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Iran cleric explains he's not opposed to 'filtered' 3G phones

Ayatollah Naser Makarem Shirazi has clarified his position on mobile Internet access after his ruling that 3g phones were un-Islamic made international news.
An Iranian couple inpect the box of an IPhone they just bought at a computer shop selling Apple products in northern Tehran on June 1, 2013.  The United States lifted a ban on sales of communications equipment to Iranians and opened access to Internet services and social media, in a bid to help the Iranian people avoid government controls. The US State Department said the action will allow Iranians to skirt "attempts to silence its people by cutting off their communic

Iranian cleric Ayatollah Naser Makarem Shirazi made international news last week when he ruled that 3G phones and high speed Internet on mobile devices should not be allowed until the proper tools are created to prevent corruption. On Aug. 31, he tried to clarify that he was not against technology, but that Western technology was like “muddy water” that needs to be “filtered.”

The official website of Makarem Shirazi responded Aug. 25 to a question by a group of “cyber activists” that in consideration of possible corruption and the lack of filtering tools, “3G mobile communication services and higher are against Sharia and moral and human norms.”

During a meeting with parliament speaker Ali Larijani, Shirazi attempted to clarify, “On the issue of 3G … some members of the Supreme Council of Cyberspace [SCC] came to me and explained it to me. I sensed a real danger could be created, and I gave a warning. Unfortunately, some with ill intentions distorted my comments.”

He said, “Some shouldn’t imagine that we are against the use of this technology, but the technology of the West is like unsanitary and muddy water. Water is the source of life but when it becomes unsanitary or muddy, it must be filtered.”

“We say, filter this unsanitary and muddy water named 3G until the water becomes sanitary, and allow everyone to use it,” he continued. “We are not opposed to technology. Not only are we not opposed to technology, but [we] see it as necessary.”

Makarem Shirazi recounted that while in the Iranian city of Mashhad, he was shown how “all sorts of polluted films without any filtering” could be viewed on 3G phones. He said that he asked these individuals to show Communications Minister Mahmoud Vaezi this potential danger.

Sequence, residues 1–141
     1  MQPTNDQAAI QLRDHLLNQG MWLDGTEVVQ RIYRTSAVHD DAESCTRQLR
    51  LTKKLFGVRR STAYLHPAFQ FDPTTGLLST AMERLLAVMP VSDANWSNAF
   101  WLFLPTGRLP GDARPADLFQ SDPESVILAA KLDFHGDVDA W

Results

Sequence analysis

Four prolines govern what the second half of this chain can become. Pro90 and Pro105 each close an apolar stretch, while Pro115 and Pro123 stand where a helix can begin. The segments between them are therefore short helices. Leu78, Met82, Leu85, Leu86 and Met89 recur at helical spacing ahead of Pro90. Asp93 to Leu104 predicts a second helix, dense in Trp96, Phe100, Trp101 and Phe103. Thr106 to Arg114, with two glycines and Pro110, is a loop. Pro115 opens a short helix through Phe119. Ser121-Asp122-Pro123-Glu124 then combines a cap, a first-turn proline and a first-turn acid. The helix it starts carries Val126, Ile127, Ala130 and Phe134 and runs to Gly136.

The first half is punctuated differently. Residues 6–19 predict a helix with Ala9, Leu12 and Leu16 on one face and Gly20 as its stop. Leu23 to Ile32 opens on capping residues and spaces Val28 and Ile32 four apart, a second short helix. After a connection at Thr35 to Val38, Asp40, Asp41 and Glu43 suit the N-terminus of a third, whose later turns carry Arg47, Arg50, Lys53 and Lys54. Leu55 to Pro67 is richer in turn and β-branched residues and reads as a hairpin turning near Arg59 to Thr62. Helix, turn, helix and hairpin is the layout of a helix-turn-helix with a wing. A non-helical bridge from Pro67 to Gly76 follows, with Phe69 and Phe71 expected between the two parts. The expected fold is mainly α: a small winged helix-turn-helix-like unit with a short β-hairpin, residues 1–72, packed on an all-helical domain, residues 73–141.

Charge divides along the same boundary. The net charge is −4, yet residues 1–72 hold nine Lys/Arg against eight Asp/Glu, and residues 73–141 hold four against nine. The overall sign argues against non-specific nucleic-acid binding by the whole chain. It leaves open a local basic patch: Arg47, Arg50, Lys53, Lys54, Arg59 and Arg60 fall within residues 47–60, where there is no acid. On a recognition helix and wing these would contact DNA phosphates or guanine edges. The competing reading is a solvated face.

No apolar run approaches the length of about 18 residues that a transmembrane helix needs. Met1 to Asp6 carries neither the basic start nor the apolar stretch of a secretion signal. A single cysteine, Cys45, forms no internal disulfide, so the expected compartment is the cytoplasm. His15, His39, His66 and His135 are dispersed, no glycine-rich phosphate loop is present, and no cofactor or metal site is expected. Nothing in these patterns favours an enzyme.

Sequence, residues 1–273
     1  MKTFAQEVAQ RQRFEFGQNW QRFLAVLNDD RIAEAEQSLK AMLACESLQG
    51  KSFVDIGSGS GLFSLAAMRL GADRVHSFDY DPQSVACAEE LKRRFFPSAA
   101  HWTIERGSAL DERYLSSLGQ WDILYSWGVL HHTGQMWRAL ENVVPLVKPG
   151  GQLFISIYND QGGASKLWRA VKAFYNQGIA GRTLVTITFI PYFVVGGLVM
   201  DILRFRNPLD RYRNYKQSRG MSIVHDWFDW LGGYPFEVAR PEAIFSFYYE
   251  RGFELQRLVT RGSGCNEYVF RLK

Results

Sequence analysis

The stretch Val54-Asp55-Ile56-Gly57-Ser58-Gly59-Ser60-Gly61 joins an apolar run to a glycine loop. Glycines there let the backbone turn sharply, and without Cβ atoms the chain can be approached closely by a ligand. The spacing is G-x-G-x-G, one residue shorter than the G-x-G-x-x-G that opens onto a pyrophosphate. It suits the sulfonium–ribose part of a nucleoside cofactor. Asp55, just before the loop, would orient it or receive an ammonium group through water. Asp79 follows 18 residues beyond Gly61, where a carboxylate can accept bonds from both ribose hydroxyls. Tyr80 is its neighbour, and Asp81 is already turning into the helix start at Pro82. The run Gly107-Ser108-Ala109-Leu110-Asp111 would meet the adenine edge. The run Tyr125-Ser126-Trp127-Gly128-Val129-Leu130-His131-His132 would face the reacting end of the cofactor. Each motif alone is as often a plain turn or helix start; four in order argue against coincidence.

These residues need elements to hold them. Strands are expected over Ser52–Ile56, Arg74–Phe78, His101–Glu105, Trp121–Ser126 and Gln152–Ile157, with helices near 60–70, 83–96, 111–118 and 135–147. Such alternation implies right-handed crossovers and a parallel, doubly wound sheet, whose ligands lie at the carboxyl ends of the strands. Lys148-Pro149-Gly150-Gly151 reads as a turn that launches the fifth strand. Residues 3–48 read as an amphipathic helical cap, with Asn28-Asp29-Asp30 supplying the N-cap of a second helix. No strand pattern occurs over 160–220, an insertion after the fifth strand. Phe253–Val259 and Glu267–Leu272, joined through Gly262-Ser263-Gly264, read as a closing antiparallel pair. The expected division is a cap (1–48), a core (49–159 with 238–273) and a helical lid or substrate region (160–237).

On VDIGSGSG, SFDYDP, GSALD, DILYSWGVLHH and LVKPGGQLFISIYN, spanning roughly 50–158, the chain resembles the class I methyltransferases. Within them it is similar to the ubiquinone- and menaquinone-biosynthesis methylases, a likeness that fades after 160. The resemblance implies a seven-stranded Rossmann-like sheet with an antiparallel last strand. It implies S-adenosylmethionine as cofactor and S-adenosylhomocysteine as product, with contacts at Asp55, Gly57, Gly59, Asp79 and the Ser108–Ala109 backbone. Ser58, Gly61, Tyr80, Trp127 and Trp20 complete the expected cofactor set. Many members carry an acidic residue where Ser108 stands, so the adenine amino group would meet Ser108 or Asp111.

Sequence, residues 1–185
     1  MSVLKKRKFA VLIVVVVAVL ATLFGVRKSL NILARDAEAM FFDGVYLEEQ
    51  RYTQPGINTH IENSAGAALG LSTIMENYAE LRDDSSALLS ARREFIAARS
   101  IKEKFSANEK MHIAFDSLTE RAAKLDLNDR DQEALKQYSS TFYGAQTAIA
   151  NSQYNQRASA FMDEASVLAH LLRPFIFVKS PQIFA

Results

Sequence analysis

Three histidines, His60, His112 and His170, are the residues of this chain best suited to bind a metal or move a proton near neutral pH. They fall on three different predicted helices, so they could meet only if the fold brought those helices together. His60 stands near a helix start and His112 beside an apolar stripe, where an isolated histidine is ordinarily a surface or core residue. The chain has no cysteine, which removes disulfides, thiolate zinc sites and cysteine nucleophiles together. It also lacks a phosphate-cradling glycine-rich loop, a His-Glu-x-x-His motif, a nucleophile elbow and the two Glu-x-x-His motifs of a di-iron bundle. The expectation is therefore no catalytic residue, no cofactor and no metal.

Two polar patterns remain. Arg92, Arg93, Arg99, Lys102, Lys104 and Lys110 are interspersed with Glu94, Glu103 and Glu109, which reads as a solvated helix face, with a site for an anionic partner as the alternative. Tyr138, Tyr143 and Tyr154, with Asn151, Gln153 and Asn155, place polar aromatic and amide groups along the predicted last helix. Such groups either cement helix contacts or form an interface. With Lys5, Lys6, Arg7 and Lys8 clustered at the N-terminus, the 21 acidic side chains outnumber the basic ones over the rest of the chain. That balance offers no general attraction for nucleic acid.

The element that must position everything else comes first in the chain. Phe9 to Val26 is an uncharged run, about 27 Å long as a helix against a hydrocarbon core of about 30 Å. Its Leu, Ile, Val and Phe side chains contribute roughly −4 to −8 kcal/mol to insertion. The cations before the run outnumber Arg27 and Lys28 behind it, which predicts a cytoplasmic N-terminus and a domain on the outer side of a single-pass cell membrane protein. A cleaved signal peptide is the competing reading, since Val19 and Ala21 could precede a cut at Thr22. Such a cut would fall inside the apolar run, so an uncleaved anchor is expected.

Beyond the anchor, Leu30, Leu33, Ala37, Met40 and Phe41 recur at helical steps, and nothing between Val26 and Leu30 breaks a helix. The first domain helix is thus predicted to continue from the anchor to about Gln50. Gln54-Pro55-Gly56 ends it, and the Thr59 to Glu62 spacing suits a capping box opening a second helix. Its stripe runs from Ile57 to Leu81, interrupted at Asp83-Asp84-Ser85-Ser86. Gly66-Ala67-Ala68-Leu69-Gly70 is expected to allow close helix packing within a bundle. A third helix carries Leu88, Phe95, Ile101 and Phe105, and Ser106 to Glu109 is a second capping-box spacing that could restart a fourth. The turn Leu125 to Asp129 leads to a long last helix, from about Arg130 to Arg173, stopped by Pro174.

He added that Iran is an Islamic government, and moral corruption leads to the high divorce rate, low marriage and the marital problems that Iran is currently witnessing.

Makarem Shirazi asked the SCC not to “rush” to offer 3G and suggested that the administration was favoring the economic and political benefits of offering 3G over the possible cultural issues that it creates.

President Hassan Rouhani is the head of the SCC. That body and the Committee for Determining Criminal Web Content, which operates under the judiciary, are responsible for monitoring Internet activity in Iran.

Rouhani defended Iranians' access to the Internet Sept. 1, saying, “Today, our connection to the world of science is the Internet. Someone who doesn’t have Internet [access] and doesn’t use it — not only is that person not known to be scientist, but he is not even known to a student.” He added, "We cannot close the gates of the world to our young generation."

The issue of 3G was first raised by “group of cyber activists,” who had asked Makarem Shirazi for his judgment following statements by Iran’s communication minister that the ministry would provide high speed Internet access on mobile phones. The activists questioned whether such a move was wise, given that a “legal and necessary purification” process for these devices was not available.

The activists, who are presumably from a conservative group, had posted their question on Makarem Shirazi’s website. Grand ayatollahs maintain websites through which followers can ask a variety of questions. The responses, as official communication, can be considered fatwas.

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